Water Act reveals that Congress intended to protect wildlife, the migratory bird rule would appear to be a permissible construction of that statute.
The legislative history of the Clean Water Act leads to the same conclusion. That history reveals that Congress intended "to extend Clean Water Act jurisdiction over waters of the United States to the maximum extent possible under the Commerce Clause." S.Rep. No. 1236, 92nd Cong., 2d Sess. 144 (1972), U.S.C.C.A.N. 1972, at pp. 3668, 3776. The Seventh Circuit has long recognized that Congress intended to make the Clean Water Act as far-reaching as the commerce clause permits. See Rueth v. EPA, 13 F.3d 227, 231 (7th Cir. 1993); United States v. Huebner, 752 F.2d 1235, 1239 (7th Cir. 1985); United States v. Byrd, 609 F.2d 1204, 1209 (7th Cir. 1979). To the extent that the commerce clause authorizes the federal government to regulate intrastate migratory bird habitats, then, the Clean Water Act must as well. For these reasons, the court finds that 33 C.F.R. § 328.3(a)(3), as applied to intrastate migratory bird habitats, is a reasonable construction of the Clean Water Act.
Notably, the Fourth Circuit reached the opposite conclusion in United States v. Wilson, 133 F.3d 251 (4th Cir. 1997). In that case, the court explained that 33 C.F.R. § 328.3(a)(3) went beyond its statutory mandate because the term "waters of the United States" cannot include intrastate or nonnavigable waters whose degradation or destruction could affect interstate commerce. Id. at 256-257. Relying generally on the Supreme Court's decision in Lopez, 514 U.S. 549, 131 L. Ed. 2d 626, 115 S. Ct. 1624, the majority explained that the phrase "waters of the United States" must refer "to waters which, if not navigable in fact, are at least interstate or closely related to navigable or interstate waters." 133 F.3d at 257. In a separate opinion, Judge Luttig declined to adopt this portion of the majority opinion on the grounds that it was based on an overly expansive reading of Lopez. Id. at 266.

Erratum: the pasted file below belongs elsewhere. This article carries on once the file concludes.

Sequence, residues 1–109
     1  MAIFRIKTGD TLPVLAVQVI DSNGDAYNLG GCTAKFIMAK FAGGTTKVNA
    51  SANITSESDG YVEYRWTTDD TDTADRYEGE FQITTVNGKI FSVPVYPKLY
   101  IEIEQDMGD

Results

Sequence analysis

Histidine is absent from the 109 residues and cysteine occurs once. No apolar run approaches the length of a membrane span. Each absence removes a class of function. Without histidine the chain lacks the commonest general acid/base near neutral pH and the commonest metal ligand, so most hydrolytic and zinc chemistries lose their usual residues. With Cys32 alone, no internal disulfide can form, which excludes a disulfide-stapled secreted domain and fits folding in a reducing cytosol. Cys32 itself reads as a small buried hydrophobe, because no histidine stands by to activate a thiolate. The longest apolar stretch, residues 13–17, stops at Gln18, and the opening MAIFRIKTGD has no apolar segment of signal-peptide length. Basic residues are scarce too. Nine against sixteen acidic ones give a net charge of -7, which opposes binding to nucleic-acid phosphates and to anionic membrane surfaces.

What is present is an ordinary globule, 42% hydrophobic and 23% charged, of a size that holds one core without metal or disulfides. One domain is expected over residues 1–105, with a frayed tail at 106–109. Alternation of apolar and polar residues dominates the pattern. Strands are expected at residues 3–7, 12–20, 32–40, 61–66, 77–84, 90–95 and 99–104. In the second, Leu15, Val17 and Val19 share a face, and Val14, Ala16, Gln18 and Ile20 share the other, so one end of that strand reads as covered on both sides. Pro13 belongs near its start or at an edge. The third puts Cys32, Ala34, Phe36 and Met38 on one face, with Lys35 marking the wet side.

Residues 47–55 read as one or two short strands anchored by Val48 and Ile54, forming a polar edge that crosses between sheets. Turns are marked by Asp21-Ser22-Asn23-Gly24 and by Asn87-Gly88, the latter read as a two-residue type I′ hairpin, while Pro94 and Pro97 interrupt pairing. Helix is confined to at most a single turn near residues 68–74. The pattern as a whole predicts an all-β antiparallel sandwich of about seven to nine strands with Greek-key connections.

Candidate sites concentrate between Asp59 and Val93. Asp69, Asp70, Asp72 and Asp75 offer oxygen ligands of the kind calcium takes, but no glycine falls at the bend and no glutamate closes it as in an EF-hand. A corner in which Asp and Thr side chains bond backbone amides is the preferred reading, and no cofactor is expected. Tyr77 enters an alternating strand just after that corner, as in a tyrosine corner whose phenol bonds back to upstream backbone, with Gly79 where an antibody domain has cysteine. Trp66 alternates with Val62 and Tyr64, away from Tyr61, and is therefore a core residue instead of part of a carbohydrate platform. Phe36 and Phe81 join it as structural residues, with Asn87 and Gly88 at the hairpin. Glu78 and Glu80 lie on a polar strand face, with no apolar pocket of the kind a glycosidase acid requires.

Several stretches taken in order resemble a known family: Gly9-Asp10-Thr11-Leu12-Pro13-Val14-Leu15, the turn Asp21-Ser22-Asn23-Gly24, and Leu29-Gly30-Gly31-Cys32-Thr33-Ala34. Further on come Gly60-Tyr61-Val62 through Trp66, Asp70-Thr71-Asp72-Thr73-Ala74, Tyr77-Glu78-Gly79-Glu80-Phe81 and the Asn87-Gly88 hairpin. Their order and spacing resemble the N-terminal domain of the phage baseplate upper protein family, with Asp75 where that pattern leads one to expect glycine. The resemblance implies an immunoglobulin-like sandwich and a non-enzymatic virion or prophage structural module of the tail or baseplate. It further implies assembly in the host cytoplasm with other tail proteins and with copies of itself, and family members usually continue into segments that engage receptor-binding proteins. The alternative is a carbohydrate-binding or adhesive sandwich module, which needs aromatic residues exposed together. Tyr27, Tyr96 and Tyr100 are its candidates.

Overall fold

This court respectfully declines to follow the majority in Wilson. Because the scope of federal regulatory jurisdiction under the Clean Water Act is coextensive with that of the commerce clause, and because the commerce clause authorizes the federal regulation of intrastate migratory bird habitats, the migratory bird rule must be a valid application of the Clean Water Act. For the reasons discussed in Part II.A. of this opinion, the court does not believe that Lopez requires a contrary result. On this point, then, the court agrees with the Ninth Circuit that "the commerce clause power, and thus the Clean Water Act, is broad enough to extend the Corps' jurisdiction to local waters which may provide habitat to migratory birds and endangered species." Leslie Salt II, 896 F.2d at 360.
D. Administrative Procedure Act
Plaintiff argues that the migratory bird rule was promulgated without public notice and comment in violation of the APA. That statute requires federal agencies to provide notice and an opportunity for public comment before they promulgate or amend administrative regulations, but it creates an exception for interpretive rules and general statements of policy. 5 U.S.C. § 553. An interpretive rule is one in which an agency explains what a statute means or reminds parties of existing duties, while a substantive rule creates altogether new rights or duties. Metropolitan School Dist. of Wayne Township v. Davila, 969 F.2d 485, 489-90 (7th Cir. 1992); see also American Hospital Ass'n v. Bowen, 266 U.S. App. D.C. 190, 834 F.2d 1037, 1045 (D.C. Cir. 1987). Because the parties agree that the migratory bird rule was adopted without notice and comment, the court need only decide whether the rule is substantive or interpretive.